Within the brain, the inflammatory cytokine interleukin-1 (IL-1) mediates illness-associated neural, neuroendocrine, and behavioral responses; however, its role in normal neurobehavioral processes is not clear. To examine the role of IL-1 signaling in memory, we infused Long-Evans rats intracerebroventricularly with IL-1β (10 ng/rat), IL-1 receptor antagonist (IL-1ra, 100 μg/rat), or saline immediately following a learning task and tested memory functioning 1–8 days later. In the Morris water maze (MWM), IL-1ra caused memory impairment in the hippocampus-dependent, spatial version, whereas IL-1β had no effect. Neither IL-1β nor IL-1ra influenced the hippocampus-independent, nonspatial version of the MWM. In the passive avoidance response, which also depends on hippocampal functioning, IL-1ra caused memory impairment, and IL-1β caused memory improvement. These results suggest that IL-1 signaling within the hippocampus plays a critical role in learning and memory processes.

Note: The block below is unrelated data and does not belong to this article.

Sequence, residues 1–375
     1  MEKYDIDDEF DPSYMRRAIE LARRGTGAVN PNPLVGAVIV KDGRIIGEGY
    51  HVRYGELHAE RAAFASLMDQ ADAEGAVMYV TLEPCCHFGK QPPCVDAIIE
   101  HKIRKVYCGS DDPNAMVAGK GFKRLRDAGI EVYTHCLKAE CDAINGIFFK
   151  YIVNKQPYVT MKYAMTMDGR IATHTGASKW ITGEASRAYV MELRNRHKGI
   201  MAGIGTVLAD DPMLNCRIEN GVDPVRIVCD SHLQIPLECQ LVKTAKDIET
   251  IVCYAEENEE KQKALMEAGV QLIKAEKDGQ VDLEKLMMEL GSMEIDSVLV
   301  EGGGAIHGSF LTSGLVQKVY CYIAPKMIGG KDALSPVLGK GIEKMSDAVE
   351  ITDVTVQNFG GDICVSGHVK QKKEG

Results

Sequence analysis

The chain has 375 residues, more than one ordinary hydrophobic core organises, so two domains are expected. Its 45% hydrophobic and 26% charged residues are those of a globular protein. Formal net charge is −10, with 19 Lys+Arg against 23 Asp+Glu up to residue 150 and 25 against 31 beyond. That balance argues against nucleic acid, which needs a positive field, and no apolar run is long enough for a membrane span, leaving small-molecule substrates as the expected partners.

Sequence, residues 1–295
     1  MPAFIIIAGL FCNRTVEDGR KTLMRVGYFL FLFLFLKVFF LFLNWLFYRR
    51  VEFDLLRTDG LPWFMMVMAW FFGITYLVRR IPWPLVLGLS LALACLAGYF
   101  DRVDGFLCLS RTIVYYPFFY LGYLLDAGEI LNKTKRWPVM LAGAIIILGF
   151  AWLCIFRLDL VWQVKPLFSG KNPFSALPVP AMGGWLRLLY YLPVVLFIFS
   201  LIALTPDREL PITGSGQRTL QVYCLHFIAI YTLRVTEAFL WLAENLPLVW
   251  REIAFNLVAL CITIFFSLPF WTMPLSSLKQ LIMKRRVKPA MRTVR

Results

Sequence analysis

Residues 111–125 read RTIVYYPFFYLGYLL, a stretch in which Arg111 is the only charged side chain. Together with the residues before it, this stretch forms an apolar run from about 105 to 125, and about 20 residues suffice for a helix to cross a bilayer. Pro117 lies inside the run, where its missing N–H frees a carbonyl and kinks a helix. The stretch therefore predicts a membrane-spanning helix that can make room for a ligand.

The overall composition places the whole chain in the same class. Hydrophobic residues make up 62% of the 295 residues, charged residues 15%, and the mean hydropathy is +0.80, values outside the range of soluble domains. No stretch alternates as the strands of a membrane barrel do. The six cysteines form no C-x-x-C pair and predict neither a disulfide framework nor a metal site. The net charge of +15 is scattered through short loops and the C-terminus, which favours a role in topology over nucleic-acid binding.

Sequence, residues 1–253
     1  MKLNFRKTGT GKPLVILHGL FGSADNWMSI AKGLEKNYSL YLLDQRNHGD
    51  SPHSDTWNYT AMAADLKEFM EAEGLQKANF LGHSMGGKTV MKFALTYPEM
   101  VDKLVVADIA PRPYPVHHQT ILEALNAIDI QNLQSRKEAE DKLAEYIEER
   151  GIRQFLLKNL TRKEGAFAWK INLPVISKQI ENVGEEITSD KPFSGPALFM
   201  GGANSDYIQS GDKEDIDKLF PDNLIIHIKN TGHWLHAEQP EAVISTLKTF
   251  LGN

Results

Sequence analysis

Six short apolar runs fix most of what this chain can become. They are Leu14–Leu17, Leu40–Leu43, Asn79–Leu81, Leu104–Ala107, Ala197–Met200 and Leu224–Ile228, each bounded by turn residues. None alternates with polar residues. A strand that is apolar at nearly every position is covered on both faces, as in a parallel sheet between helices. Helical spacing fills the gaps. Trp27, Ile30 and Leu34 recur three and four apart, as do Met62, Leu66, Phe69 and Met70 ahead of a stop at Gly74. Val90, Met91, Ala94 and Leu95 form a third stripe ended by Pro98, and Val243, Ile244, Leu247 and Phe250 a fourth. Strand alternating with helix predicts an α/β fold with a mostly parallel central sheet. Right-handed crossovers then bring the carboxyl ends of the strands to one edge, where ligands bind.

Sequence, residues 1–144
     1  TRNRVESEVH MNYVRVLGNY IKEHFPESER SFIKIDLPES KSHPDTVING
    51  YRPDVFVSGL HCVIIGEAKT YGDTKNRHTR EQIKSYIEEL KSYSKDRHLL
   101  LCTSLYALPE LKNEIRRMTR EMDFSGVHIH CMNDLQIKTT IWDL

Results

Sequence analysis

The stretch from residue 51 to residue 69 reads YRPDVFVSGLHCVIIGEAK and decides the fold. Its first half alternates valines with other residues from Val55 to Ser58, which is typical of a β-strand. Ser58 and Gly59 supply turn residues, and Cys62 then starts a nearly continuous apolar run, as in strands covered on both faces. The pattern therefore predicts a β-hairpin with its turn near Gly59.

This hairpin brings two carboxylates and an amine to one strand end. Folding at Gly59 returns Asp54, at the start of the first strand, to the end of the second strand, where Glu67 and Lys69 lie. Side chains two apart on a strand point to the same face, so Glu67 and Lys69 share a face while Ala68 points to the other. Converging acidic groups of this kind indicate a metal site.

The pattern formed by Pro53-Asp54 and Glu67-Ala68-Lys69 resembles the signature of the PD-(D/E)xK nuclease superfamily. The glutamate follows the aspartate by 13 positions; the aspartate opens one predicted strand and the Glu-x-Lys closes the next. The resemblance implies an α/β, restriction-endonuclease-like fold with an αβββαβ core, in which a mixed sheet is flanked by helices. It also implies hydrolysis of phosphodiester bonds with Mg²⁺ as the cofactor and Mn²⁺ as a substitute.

Brain Interleukin-1 Is Involved in Spatial Memory and Passive Avoidance Conditioning
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